Peter Alliss: Voice of The Open
Peter Alliss is probably the best known commentator of The Open, recognised for his charismatic and unique style of commentary, often displaying a witty demeanour.
Since the death of Henry Longhurst, he has been regarded by many as the current “Voice of (British) Golf”, along with long time commentating partner Alex Hay.
His reputation and style were officially recognised recently when he become the first broadcaster to be inducted into golf’s World Hall of Fame. His acceptance speech left the room rolling in laughter in what normally is a serious affair.
“The Hall of Fame is a very big deal in the US and it’s quite remarkable to think I’m going to be part of it,” said Alliss.
“My playing days ended in 1974 and a lot of people have no idea I played golf at the highest level. But I had a good run for 25 years with ABC television in America. I think what helped is I never changed my style.”
Alliss left school at the age of 14 and began his career as a professional golfer in 1947, at the age of 16.
In his 27 years of professional competition, he won three British PGA Championships, and was semi-finalist in the British PGA Matchplay Championship and played on eight Ryder Cup teams.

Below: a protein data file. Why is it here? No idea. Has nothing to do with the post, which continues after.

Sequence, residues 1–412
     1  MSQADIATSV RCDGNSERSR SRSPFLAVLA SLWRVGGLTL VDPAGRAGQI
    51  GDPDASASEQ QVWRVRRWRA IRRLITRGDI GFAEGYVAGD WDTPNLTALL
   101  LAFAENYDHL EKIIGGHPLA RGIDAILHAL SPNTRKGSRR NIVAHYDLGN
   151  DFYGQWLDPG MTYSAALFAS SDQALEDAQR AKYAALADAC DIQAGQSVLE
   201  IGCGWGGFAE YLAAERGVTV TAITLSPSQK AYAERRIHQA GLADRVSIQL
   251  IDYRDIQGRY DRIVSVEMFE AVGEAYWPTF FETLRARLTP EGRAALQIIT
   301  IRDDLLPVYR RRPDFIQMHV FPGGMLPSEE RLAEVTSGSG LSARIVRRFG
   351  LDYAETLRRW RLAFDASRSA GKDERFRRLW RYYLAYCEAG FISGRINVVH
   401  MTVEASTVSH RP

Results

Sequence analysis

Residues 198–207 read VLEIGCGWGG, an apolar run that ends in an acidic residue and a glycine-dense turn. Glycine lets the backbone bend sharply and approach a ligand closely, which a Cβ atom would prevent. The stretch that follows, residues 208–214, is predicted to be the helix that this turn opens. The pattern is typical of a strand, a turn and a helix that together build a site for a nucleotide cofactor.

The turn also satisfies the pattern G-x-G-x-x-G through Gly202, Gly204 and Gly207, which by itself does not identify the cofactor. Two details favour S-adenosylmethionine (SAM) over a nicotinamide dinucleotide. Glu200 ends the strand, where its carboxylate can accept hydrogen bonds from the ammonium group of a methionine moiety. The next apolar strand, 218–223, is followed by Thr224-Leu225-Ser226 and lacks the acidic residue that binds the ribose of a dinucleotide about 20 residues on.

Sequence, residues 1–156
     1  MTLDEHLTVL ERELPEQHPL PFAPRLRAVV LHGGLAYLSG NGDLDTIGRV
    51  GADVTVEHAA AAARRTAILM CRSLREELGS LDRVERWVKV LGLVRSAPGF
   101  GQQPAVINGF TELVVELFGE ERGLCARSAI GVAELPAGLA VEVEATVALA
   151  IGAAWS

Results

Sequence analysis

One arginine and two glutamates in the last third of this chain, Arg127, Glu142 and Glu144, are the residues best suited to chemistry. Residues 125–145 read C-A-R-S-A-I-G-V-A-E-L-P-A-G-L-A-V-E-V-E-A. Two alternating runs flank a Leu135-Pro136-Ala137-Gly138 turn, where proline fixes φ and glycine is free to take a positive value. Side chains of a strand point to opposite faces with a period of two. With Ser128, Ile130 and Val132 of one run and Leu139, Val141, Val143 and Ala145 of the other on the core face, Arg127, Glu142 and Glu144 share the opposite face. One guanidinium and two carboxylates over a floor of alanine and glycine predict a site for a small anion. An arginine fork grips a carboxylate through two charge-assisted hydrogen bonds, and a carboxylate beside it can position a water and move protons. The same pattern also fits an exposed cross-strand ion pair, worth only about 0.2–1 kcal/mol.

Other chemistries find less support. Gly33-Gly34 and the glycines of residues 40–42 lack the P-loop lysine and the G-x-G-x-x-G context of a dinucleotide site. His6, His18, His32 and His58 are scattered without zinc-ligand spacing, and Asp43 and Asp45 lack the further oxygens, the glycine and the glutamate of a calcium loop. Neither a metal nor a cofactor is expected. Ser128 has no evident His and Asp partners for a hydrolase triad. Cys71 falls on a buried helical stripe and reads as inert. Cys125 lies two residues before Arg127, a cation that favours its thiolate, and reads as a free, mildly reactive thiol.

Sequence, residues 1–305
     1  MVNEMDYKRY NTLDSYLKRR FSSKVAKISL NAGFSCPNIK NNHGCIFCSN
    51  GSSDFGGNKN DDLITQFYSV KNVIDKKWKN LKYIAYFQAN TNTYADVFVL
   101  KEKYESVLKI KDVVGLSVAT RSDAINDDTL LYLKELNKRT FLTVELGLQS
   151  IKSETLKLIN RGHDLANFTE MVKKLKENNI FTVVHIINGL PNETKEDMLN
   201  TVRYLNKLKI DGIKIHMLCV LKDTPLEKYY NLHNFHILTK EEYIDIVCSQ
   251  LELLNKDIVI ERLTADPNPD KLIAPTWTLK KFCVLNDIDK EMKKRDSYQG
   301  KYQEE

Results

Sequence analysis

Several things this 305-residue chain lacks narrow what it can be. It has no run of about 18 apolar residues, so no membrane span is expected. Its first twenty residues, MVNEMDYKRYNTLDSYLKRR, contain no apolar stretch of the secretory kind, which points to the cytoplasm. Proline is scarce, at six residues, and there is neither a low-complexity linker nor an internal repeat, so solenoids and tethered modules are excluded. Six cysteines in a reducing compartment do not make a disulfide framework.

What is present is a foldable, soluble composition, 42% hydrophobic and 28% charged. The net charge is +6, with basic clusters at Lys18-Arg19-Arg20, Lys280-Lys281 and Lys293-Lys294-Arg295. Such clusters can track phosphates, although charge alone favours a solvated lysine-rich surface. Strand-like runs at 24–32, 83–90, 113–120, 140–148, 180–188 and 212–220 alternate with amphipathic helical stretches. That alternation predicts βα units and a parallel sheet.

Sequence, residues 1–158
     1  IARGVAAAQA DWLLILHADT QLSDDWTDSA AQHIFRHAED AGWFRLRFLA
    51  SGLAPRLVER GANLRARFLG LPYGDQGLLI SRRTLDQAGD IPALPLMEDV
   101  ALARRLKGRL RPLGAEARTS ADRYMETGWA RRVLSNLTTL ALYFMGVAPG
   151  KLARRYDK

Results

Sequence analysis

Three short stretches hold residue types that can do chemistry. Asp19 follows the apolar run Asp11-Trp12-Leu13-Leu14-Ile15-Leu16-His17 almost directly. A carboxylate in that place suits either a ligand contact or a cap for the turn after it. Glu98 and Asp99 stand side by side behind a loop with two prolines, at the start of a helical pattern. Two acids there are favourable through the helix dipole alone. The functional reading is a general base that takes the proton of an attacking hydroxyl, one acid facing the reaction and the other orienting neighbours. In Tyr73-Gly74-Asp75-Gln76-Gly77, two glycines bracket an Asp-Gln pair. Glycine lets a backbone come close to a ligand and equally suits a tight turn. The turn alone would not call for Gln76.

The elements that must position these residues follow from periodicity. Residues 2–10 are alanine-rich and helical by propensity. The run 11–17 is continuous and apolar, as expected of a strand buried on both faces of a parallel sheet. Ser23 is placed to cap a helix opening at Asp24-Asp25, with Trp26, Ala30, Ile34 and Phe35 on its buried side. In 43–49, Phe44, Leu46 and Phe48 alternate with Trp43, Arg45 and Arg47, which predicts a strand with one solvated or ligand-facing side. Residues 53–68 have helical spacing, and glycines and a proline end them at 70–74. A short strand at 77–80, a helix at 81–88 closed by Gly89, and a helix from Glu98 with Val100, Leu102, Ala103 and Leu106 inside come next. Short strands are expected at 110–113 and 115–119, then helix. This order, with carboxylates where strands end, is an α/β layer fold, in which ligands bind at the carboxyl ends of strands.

He had five top-10 finishes in the Open Championship, coming closest in 1954 at Royal Birkdale when he finished just four shots behind our own Peter Thomson.
Alliss began working for the BBC in 1960, leaving him on the firmest of grounds to offer opinions, with his perfect symmetry of a fine playing record and peerless broadcasting experience.
“I remember the producer Terry Jastrow saying to me, ‘The day I understand what you’re saying is the day you’re fired’. So I bumbled on.”
The 81-year-old turned down an OBE in 2002 and has few regrets with what he’s done – although he would have love to have won The Open Championship.
Later this year Alliss will embark on another tour of one-man shows giving his perspective of life and the game of golf.
Some see his views as ‘old school’, others appreciate Alliss’ deep and personal knowledge of the game and sense of wit.
Yes, he’s not everybody’s cup of tea. But for the great majority who follow golf, he remains nothing less than the Voice of The Open.